Seychelles: The Tale of Lake Victoria's 'Saviour Fish'

An aerial view of Lake Victoria’s shore in Bukoba town. The section with sand acts as a beach for revellers, although it is poorly maintained.

On an island in Lake Victoria, Tanzania, fishermen are barely eking out a living, where a crisis due to a combination of factors, including climate change and overfishing, has changed the fabric of the community. Journalist Mark Weston spent two years living on Ukerewe Island and wrote The Saviour Fish, a very personal account of their situation.

The island was the hub of a fishing boom centered around Nile perch, an invasive species of fish introduced by former colonial power, Britain. Weston discusses in the book how this one move turned from boom to bust, creating an environmental disaster after other fish species were eliminated, allowing waterborne diseases to thrive.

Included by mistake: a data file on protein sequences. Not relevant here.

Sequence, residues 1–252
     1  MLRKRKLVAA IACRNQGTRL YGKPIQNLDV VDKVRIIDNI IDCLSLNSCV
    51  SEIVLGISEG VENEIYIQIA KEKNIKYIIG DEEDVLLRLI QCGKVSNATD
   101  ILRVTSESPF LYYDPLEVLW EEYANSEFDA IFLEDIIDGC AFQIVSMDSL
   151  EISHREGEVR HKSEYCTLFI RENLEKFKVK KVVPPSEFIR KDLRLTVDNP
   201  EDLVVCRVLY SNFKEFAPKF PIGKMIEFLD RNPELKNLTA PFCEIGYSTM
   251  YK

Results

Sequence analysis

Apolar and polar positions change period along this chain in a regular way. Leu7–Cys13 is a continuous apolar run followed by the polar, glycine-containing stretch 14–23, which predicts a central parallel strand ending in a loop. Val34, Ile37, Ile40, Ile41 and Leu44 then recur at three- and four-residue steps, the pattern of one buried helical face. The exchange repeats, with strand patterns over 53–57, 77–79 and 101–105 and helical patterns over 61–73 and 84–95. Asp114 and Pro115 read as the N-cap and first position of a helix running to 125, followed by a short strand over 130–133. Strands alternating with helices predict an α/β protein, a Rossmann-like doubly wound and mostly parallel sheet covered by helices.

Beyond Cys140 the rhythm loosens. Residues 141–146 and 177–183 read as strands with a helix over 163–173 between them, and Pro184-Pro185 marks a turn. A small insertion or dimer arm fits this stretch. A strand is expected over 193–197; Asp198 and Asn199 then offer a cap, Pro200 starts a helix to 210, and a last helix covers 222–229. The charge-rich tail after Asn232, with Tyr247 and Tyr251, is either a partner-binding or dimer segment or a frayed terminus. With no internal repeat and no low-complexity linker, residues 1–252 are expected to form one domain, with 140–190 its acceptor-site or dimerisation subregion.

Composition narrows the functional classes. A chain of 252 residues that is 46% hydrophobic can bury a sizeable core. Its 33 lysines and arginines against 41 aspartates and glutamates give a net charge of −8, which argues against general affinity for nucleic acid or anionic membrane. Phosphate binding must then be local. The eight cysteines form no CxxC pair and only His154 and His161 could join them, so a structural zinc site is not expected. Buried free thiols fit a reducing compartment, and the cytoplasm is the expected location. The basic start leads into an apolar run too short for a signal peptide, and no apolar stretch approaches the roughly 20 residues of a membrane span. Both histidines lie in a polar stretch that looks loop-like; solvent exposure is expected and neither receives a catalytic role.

Weston becomes friends with a number of illegal fishermen and is invited to fish with them-- an honour to be invited to go-- where he describes firsthand their quest to find a decent catch away from the government patrols on the lake, but also observes the destructive impact of using large drag nets.

Mixing travel writing with environmental reportage, Weston's The Saviour Fish illustrates the fishermen's plight, but also the beauty of day-to-day life, with love, loss, and curious children.

He spoke to RFI's Laura Angela Bagnetto.

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